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December 2014 Connect with us Facebook Twitter Sign up  |  Archive  |  Advertise
Editor's e-Note
Every day social workers engage with clients who are living with mental illness and substance use disorders, or with other at-risk individuals. Many of those days may be challenging but are ultimately rewarding professionally for the social worker and personally for the individual in need of services. But there are occasions when those interactions go terribly wrong and the client becomes violent and assaults the social worker. This month’s e-exclusive tells the story of one social worker’s experience—her assault and long journey through recovery.

Every social worker who works with troubled individuals is vulnerable. The story of this social worker’s challenge and her remarkable recovery is inspiring to other social workers whether they have experienced something similar or have been fortunate enough to have a fully safe and satisfying career.

We welcome your comments at Visit our website at, join our Facebook page, and follow us on Twitter.

— Marianne Mallon, editor
e-News Exclusive
Assaulted by a Client — A Social Worker’s Journey of Recovery
By Kelly Waite, MSW, LCSWA

Like most new social workers, I entered the field with drive and passion to change the world and advocate for a better quality of life for the millions of people experiencing poverty, oppression, and other social problems. One of my greatest accomplishments was the day I received my master’s degree, followed by a provisional license to practice in North Carolina. I was not new to the behavioral health field. As an Army spouse, I was fortunate to gain rewarding experience working with military families in areas of victim advocacy, parenting skills programs, and family readiness groups while serving our soldiers with traumatic brain injury and substance abuse. After a military move to Fort Bragg, North Carolina, I was eager to expand my experience and try something new.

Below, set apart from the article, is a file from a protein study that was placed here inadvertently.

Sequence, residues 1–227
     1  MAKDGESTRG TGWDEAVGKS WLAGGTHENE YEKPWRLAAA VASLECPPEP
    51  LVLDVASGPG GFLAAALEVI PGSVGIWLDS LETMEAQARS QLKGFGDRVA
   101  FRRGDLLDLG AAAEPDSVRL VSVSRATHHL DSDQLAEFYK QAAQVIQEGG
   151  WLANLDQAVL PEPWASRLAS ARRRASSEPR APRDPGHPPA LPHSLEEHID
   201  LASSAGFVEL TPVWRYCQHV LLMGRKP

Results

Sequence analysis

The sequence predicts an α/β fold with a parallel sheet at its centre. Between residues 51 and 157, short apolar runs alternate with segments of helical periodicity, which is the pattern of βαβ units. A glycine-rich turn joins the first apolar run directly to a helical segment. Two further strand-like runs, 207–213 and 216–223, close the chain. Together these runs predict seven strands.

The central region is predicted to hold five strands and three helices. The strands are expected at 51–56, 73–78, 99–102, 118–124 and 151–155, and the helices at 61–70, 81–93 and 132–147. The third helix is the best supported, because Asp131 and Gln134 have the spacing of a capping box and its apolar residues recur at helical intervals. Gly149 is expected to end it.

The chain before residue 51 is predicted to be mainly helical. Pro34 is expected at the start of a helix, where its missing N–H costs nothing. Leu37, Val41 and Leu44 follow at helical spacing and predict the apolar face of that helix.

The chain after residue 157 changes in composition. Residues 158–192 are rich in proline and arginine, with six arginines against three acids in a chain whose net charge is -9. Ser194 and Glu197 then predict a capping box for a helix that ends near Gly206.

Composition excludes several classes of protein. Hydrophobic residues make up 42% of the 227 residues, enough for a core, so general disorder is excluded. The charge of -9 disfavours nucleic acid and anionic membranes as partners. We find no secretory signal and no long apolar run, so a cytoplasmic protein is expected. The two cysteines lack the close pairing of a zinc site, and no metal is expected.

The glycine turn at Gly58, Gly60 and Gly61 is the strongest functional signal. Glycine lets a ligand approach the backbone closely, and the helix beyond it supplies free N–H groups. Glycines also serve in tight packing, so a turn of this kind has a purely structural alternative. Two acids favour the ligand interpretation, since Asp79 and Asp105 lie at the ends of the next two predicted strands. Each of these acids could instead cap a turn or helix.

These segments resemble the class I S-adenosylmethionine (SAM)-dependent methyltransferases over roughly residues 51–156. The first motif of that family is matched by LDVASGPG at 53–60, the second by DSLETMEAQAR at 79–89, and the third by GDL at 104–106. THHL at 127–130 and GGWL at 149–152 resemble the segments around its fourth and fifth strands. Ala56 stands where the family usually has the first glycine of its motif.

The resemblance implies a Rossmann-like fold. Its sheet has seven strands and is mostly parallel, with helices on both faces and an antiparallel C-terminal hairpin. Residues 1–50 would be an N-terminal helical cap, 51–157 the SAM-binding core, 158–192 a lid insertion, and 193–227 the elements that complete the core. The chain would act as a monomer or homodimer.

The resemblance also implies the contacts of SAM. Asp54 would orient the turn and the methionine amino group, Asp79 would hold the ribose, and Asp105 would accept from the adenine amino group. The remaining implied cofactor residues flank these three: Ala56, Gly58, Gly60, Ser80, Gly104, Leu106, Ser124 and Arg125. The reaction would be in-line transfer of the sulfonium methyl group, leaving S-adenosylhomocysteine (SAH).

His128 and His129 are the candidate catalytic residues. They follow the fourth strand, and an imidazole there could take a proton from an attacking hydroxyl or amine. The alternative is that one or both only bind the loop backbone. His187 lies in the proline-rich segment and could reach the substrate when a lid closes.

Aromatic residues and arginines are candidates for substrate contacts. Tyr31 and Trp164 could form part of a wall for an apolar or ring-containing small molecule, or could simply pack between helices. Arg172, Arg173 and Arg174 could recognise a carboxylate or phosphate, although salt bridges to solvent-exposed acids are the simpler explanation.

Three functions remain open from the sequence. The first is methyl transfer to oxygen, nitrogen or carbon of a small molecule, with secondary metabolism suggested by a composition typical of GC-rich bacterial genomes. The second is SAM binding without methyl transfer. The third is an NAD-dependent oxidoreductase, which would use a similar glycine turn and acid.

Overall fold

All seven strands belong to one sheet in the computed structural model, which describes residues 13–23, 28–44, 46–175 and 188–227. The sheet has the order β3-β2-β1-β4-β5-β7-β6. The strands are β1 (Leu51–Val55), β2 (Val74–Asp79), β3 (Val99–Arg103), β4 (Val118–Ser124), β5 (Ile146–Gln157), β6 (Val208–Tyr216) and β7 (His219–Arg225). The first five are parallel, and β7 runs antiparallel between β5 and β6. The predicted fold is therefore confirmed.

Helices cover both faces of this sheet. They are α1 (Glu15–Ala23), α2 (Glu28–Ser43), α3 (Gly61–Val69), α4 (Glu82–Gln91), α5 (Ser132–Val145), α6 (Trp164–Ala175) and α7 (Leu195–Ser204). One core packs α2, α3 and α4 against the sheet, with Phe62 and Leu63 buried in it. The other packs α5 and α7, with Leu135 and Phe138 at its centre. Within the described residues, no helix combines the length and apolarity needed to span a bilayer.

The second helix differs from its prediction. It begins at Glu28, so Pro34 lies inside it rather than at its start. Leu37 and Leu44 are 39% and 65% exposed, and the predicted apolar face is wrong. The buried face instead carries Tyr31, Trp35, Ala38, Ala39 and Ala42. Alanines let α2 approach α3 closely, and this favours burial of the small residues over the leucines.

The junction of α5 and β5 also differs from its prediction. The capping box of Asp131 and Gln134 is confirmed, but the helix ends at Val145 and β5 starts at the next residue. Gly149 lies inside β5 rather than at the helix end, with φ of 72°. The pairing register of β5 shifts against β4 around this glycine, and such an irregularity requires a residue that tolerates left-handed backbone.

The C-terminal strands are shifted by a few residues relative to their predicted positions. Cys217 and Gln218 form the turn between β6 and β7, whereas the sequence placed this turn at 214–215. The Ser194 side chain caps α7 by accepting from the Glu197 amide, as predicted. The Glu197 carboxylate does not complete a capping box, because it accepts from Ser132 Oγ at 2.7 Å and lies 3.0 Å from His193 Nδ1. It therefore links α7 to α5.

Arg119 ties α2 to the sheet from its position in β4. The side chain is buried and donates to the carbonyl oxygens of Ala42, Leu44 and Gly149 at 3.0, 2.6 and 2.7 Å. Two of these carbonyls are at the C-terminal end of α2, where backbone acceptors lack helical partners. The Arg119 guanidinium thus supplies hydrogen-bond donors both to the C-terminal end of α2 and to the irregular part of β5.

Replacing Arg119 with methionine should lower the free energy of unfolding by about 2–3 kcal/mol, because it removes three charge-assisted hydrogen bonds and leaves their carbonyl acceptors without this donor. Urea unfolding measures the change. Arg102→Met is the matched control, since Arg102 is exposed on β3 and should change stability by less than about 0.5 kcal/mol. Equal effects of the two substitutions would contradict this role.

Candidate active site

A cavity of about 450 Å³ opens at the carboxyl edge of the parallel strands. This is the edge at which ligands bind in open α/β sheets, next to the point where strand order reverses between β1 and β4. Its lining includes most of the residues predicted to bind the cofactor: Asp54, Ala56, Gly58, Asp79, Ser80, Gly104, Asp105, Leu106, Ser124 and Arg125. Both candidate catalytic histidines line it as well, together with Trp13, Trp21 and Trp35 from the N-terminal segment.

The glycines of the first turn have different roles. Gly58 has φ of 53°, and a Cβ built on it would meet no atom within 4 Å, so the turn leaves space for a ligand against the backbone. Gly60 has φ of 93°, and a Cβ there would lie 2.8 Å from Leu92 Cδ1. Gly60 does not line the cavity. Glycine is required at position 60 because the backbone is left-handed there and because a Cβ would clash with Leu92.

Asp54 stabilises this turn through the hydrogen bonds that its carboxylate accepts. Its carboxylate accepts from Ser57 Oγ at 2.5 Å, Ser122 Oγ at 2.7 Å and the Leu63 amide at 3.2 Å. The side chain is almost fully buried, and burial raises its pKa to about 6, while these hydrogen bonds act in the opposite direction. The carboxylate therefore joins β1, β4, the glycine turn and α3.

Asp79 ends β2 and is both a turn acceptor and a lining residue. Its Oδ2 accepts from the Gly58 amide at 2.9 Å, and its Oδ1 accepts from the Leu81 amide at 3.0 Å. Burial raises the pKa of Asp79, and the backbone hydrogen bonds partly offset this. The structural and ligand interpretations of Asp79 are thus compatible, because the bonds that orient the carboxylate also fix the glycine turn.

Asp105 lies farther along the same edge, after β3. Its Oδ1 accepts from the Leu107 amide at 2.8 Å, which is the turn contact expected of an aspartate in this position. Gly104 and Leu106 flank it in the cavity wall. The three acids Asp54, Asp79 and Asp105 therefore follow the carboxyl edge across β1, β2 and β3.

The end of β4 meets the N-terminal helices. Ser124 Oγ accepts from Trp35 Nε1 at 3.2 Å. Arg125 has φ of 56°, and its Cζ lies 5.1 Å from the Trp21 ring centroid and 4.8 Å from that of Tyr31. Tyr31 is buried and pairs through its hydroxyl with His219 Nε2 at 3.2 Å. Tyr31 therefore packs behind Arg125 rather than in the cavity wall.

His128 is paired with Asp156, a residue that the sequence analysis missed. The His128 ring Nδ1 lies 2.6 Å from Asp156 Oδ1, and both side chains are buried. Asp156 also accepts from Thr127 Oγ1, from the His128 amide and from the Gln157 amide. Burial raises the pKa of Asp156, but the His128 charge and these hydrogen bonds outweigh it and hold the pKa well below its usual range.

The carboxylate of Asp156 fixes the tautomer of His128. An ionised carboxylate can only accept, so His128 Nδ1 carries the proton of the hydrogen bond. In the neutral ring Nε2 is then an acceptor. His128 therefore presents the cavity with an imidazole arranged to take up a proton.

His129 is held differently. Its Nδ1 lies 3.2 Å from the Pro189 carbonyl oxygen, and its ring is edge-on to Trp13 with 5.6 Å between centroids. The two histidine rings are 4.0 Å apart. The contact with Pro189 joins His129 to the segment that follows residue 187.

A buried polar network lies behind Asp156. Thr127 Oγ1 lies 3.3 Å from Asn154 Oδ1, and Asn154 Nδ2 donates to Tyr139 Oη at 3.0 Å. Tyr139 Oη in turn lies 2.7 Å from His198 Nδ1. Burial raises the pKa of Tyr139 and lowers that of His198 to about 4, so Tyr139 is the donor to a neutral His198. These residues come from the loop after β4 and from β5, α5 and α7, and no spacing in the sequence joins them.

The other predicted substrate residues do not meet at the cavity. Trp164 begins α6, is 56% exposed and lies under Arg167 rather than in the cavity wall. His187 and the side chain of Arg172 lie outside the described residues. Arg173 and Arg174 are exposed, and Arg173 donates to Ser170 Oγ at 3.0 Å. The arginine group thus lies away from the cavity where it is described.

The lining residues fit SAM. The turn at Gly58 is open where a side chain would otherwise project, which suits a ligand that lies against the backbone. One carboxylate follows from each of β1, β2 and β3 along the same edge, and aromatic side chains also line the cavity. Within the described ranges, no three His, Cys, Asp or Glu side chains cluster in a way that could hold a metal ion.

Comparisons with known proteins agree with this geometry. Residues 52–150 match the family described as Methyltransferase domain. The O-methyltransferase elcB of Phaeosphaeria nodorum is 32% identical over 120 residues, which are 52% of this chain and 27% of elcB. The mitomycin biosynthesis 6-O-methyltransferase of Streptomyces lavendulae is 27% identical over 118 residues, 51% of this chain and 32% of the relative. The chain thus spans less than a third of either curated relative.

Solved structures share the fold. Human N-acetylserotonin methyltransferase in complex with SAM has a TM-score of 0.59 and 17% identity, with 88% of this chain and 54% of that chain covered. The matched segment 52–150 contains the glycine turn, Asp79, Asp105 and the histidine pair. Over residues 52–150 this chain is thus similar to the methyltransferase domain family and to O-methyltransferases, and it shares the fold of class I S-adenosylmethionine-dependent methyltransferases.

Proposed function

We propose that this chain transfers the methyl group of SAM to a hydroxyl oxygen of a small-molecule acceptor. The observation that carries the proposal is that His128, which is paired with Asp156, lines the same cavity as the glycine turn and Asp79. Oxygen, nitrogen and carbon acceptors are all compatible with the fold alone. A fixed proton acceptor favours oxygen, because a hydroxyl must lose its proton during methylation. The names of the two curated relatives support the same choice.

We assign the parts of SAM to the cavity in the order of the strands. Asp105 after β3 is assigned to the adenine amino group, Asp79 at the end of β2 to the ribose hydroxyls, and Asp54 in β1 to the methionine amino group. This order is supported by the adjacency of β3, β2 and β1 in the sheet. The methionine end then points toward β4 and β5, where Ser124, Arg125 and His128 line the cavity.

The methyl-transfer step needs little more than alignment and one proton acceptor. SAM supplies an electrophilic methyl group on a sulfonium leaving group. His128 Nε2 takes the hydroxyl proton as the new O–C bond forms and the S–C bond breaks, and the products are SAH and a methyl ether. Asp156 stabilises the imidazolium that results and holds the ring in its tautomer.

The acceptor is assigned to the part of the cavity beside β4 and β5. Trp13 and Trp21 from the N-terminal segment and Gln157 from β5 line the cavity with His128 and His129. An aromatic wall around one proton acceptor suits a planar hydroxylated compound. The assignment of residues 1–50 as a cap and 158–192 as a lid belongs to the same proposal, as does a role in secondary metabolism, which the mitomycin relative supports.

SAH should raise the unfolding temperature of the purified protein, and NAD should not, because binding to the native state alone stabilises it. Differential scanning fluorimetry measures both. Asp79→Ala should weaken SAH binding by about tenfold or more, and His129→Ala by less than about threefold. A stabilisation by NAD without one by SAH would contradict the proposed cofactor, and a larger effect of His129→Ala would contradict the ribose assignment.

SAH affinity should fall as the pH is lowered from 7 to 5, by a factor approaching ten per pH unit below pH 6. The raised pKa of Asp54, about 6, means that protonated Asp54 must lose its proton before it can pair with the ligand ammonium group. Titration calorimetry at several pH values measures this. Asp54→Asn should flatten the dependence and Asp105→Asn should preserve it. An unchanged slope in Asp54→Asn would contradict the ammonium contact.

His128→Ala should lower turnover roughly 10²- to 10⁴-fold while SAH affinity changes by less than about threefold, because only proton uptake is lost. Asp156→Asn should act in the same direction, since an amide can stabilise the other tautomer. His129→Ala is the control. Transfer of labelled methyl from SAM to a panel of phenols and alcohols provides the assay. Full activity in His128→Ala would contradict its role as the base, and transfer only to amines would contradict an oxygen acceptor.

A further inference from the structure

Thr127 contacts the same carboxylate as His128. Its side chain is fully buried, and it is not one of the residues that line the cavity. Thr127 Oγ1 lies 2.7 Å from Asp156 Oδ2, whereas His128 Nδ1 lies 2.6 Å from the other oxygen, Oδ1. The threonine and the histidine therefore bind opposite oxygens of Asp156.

I accepted a position as a substance abuse specialist on an assertive community treatment (ACT) team providing therapy and substance abuse treatment to individuals with severe and persistent mental illness. ACT teams have expanded rapidly across the nation in recent years as a form of support for those at risk for inpatient hospitalization who have not succeeded with traditional outpatient therapy. This is a community-based program in which team members meet with clients at their home, a public library, a homeless shelter, a park, or other community locations. I was excited to begin my work with this population, but ignorant of the challenges that would come and eventually lead me to the other side of the desk.

Full Story »
In this e-Newsletter
Tech & Tools
Web-Based Training System to Address Child Abuse Within Military
The UCLA/Duke University National Center for Child Traumatic Stress (NCCTS), under a new agreement with the United States Department of Defense, will train behavioral health specialists who work on military bases to provide assistance for military families impacted by child abuse, domestic violence, and other forms of child traumatic stress. Specifically, the NCCTS will develop a Web-based system to provide training to some 2,000 specialists to acquire the knowledge and experience to effectively address child abuse when it occurs. Learn more »